I heard on the radio on Monday that you are OK with voting on some version of Trumpcare before it gets a score from the Congressional Budget Office, because you don’t believe the conclusions that office reached on the original version of the American Health Care Act.
Earlier that day I’d called your office to ask whether you would vote on the matter without a CBO score, and your staffer wasn’t aware of your position, so it was good to get that question answered eventually.
On the same phone call, I asked about your position on the current version of the bill, and the staffer said you hadn’t decided yet, because you were evaluating the bill in its entirety.
That’s commendable, but it makes an odd pairing with your stance on the CBO process.
The structure of the most recent version of Trumpcare is pretty simple. It repeals some of the taxes that were implemented as part of the Affordable Care Act, with the reductions falling primarily to higher-income households. All else being equal, that’s a reasonable thing to do—I’m not a believer in taxation for the sake of taxation.
On the other side of the ledger, it results in some millions fewer people having health insurance than if the ACA is continued. We can obviously argue over how many millions (more on that below), but presumably you would agree that if millions of people are getting health insurance through Medicaid, and hundreds of billions of dollars are removed from Medicaid, a lot fewer people will have insurance.
It also preserves Essential Health Benefits (EHBs) in name while allowing them to be gutted in practice through the state waiver process, which is very permissive (the standards for a state to get a waiver are almost impossible to fail to meet). This would mean that insurers would again (as before the ACA) be allowed to offer policies
On the surface, it prevents women from being charged more than men, but if a state gets a waiver from EHBs relating to gynecological care, the result can be that in effect women are charged more than men (or get less value for the same premium).
As I’ve described in earlier communications, even for people like myself who will still have health insurance after the repeal of the ACA, the bill under discussion will have bad effects on the health care available to us as rural hospitals and providers are weakened with the loss of revenue from patients whose care is currently funded by Medicaid.
Most troublingly, in light of your earlier statements of support for guaranteed coverage of pre-existing conditions, the waiver process allows such coverage to be avoided. The proposed work-around is that a state has to have a high-risk pool of its own or participate in a federal high-risk pool, but there are two problems with that.
First, the country has experience with high-risk pools from before the ACA, and they work very poorly. The coverage they provided was still very expensive for people with pre-existing conditions, pricing many people out of coverage. In fact, that was a major reason why the ACA was adopted.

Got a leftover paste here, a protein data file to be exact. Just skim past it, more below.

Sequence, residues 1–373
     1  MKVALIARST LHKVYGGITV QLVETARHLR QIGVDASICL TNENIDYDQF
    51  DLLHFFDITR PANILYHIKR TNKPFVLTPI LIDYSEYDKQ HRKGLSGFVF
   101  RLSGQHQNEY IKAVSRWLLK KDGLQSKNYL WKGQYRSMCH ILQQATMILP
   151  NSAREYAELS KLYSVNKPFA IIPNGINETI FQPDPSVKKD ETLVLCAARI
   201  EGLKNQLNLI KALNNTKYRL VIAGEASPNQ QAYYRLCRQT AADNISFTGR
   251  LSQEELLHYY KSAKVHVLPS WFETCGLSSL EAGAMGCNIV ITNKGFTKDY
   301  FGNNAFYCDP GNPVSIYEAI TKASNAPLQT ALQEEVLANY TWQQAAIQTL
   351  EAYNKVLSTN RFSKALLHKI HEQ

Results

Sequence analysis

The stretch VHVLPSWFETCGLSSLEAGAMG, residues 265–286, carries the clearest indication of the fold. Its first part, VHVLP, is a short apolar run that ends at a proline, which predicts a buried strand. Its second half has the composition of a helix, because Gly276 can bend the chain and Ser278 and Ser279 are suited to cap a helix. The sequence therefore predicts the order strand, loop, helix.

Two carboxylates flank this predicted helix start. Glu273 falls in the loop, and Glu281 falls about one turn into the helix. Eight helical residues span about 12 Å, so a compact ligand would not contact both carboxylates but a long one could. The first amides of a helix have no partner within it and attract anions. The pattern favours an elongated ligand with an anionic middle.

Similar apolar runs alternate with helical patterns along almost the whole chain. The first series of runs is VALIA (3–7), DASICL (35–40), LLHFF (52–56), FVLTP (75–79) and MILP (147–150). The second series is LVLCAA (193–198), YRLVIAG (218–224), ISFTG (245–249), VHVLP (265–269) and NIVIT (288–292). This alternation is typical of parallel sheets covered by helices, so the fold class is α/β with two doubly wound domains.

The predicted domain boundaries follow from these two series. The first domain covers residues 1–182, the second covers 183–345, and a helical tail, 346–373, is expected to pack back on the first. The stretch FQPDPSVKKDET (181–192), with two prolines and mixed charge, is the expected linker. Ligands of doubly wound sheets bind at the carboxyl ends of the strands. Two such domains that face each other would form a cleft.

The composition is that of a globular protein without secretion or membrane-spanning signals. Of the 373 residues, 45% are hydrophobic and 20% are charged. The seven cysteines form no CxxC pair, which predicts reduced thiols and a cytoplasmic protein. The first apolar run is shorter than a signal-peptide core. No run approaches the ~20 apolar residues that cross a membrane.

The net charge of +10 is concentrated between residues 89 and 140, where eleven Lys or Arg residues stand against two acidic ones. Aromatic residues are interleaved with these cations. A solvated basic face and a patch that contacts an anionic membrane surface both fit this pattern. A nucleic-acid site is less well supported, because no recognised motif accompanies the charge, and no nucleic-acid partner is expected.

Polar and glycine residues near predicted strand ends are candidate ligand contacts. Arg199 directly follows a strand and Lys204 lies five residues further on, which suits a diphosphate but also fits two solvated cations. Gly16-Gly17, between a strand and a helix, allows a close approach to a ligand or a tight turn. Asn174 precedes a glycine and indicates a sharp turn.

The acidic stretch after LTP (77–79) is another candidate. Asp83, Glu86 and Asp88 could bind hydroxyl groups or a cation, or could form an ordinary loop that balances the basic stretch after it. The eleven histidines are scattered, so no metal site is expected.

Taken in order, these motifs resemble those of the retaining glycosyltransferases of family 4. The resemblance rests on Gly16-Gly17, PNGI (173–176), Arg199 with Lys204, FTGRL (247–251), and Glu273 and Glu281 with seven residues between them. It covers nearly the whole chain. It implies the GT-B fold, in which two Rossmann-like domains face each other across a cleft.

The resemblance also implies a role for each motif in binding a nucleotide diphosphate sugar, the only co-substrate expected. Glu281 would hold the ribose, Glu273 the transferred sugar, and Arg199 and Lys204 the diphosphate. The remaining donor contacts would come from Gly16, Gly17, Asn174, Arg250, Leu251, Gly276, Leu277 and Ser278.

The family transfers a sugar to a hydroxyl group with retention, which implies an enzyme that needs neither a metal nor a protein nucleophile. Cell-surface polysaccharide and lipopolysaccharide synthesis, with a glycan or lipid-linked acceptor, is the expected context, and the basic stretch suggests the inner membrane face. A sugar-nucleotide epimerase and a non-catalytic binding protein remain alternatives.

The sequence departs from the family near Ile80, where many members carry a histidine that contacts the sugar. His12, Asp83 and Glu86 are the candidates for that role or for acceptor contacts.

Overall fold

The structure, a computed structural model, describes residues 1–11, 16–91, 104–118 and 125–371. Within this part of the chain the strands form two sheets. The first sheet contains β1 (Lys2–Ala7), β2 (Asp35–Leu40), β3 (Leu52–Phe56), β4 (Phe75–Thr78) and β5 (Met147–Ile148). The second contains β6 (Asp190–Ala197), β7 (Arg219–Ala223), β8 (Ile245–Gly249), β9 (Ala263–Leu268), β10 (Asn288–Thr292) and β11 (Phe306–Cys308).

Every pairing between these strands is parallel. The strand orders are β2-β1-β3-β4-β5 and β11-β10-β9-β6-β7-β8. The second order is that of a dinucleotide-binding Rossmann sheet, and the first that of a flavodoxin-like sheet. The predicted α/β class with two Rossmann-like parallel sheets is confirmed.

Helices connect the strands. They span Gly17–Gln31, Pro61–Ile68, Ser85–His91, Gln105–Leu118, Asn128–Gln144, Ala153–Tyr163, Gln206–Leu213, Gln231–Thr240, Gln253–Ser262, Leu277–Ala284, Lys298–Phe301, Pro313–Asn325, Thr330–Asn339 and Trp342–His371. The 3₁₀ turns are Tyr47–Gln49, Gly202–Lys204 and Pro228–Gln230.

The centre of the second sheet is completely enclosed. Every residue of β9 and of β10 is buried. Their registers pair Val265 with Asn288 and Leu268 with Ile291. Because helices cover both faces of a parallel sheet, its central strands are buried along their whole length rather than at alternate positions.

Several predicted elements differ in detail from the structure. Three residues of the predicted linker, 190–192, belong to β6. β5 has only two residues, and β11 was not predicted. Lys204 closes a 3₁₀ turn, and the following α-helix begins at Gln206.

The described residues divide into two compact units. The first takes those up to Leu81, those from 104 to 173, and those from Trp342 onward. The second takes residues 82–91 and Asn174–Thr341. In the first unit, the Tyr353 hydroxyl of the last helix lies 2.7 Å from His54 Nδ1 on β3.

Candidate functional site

Second, there’s no clear commitment to funding the high-risk pools adequately, which is the key to making them possibly work. Covering people with pre-existing conditions costs money, and the priority with the various versions of Trumpcare seems to be on enabling a large tax cut, which may simply be at odds with guaranteeing coverage of existing conditions.
So there’s not actually all that much to consider. A large tax cut, vs. millions of people losing health coverage. Are you trying to figure out exactly how many people will lose coverage?
Let’s say that only two (2) people gained coverage because of the Affordable Care Act. If you set that against a tax cut of $900 billion, then it’s an easy decision. There are much cheaper ways of insuring any two people.
But if it’s 24 million people? A significant number of those will die 5, 10, or 20 years earlier than otherwise, due to lack of insurance. A significant number of them will go through bankruptcy brought on by medical expenses, due to lack of insurance, setting their families back by years and putting larger financial burdens on the communities around them.
Is that worth the tax cut that would come with Trumpcare?
And if 24 million people is too many to justify the tax cut, then what is your number? If it were only 10 million, would you be OK with that? If women were treated fairly but states could still in effect get out of covering pre-existing conditions, would that be an acceptable tradeoff?
Which brings me back to the CBO score.
The outlines of Trumpcare’s effects are pretty simple. Scoring a bill is actually much harder. You have to make a series of reasonable assumptions about how people’s behavior will change in response to the legislative changes being considered.
- If the individual mandate is weakened or removed, how many people will opt to cease buying coverage?
- How many will drop out because subsidies for purchase on the individual market are reduced?
- As healthier people pull out of the pool, how much will premiums go up for those who are left?
- As those premiums go up, how many more people will “opt” (or be forced by finances) to drop coverage?
- If Medicaid is block-granted to the states, how much financing will states put in as medical costs per capita rise?
- As the block grant falls short, what steps will states take to limit Medicaid eligibility, and how many people will that remove from Medicaid coverage?
Do you think CBO’s number is wrong? I would respect that statement a lot more if you would back that up by specifying and justifying the assumptions you think they should be using instead of the ones they are using.
Earlier communications with Faso's office on the subject: